RALEIGH – We free-market types are often found arguing that government regulation imposes significant but often invisible costs. Using the state to compel individuals or firms to do something, or not do something, is essentially a form of taxation that is paid either through cash or through foregone opportunities – but the tax isn’t collected as on-the-books revenue, so its costs are underappreciated.
The National Center for Policy Analysis in Dallas posted a good example of this phenomenon on its Idea House site today. Summarizing a study from the National Bureau of Economic Research, the piece stated that every 10 percent increase in health insurance costs reduces the chances of being employed by 1.6 percent. In part, what seems to be going on here is that employers reduce their full-time employees in favor of part-timers to whom they do not have to pay non-wage benefits.
I have two points to make about this. First, regulation plays a significant role in increasing the cost of health insurance. Mandated benefits – forcing insurers to cover specific treatments or illnesses – leads to higher utilization, since enrollees will tend to use free or largely subsidized services even if their marginal medical benefit is rather low. Expected these higher claims payments, insurers must increase premiums to keep the plans solvent. The result is more expensive insurance for some employees and, well, more expensive insurance for other employees – the ones who lose health coverage bought collectively at the workplace and must venture out on the individual health-care market.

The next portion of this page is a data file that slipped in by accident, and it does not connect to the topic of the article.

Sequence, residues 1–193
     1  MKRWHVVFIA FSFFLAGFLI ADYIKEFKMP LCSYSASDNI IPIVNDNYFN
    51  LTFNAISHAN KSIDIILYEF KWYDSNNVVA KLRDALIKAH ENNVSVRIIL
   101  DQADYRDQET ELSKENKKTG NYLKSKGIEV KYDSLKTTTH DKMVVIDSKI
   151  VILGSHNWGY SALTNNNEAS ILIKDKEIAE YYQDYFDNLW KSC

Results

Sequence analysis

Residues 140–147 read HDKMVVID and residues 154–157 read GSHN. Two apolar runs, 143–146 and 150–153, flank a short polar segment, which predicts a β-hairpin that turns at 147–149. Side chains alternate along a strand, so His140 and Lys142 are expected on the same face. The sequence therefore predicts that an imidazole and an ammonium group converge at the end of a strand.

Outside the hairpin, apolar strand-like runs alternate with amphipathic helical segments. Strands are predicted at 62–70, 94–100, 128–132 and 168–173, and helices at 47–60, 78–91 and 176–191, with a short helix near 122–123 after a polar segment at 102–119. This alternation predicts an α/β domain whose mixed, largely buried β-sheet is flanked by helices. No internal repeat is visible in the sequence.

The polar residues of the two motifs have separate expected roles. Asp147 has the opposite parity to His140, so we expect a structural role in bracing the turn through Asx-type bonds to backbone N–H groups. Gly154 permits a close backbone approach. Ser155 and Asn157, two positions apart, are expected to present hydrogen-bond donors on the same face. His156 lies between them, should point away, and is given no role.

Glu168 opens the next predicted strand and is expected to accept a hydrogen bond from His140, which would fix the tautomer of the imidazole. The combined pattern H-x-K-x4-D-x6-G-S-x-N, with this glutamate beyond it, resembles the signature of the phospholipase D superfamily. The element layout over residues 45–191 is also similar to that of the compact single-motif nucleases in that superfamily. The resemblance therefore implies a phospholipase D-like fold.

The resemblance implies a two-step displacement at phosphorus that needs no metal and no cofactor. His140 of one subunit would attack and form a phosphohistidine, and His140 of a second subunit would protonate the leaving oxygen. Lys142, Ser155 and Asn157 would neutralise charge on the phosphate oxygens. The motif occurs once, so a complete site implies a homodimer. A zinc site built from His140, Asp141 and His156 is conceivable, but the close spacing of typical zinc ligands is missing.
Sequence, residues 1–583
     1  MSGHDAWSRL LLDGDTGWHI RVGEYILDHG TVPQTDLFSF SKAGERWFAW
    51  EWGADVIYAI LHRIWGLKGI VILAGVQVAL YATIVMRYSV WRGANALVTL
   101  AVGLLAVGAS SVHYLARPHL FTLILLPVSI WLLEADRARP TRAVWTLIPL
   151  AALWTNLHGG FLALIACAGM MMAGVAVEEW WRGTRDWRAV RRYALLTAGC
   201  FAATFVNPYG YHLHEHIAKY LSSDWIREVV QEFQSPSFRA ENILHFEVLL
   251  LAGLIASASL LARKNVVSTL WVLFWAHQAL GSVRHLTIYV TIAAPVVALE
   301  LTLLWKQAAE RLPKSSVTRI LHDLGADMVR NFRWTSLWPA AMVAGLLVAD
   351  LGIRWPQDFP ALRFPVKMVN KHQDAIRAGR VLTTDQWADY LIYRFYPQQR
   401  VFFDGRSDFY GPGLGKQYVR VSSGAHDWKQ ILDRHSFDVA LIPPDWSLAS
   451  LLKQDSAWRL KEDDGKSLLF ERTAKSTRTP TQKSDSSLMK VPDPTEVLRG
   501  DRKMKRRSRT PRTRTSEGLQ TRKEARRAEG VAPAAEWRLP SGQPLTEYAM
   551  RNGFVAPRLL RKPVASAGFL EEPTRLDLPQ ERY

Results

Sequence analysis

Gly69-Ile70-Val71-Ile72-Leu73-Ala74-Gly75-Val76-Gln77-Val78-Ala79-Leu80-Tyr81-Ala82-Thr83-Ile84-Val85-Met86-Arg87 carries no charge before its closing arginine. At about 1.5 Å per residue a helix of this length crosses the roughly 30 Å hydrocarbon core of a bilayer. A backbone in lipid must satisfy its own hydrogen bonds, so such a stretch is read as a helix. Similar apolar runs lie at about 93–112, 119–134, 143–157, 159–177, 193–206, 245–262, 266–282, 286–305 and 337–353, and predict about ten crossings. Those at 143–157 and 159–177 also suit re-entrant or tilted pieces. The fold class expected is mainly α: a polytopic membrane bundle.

As I have previously observed, North Carolina has an egregious record when it comes to benefit mandates. Among the Southern states, North Carolina ranks 4th in the number of insurance mandates (with 45), while nearby states such as Tennessee (38) and South Carolina (28) impose fewer. If the NBER paper is correct, then, some of the joblessness in our state is attributable to these regulations, most imposed by acts of the General Assembly. Thanks a lot, ladies and gentlemen.
My second point is that these regulatory effects are impossible to show without using some kind of statistical modeling, such as regression equations that allow you to hold some variables constant in order to look for correlations between others. You may not be able to see physically the effects of an intrusive regulation – no one in the unemployment line can say for certain that he or she is the victim of a health-insurance mandate – but that doesn’t make such effects theoretical.
They are practical realities, unfortunately.
Hood is president of the John Locke Foundation.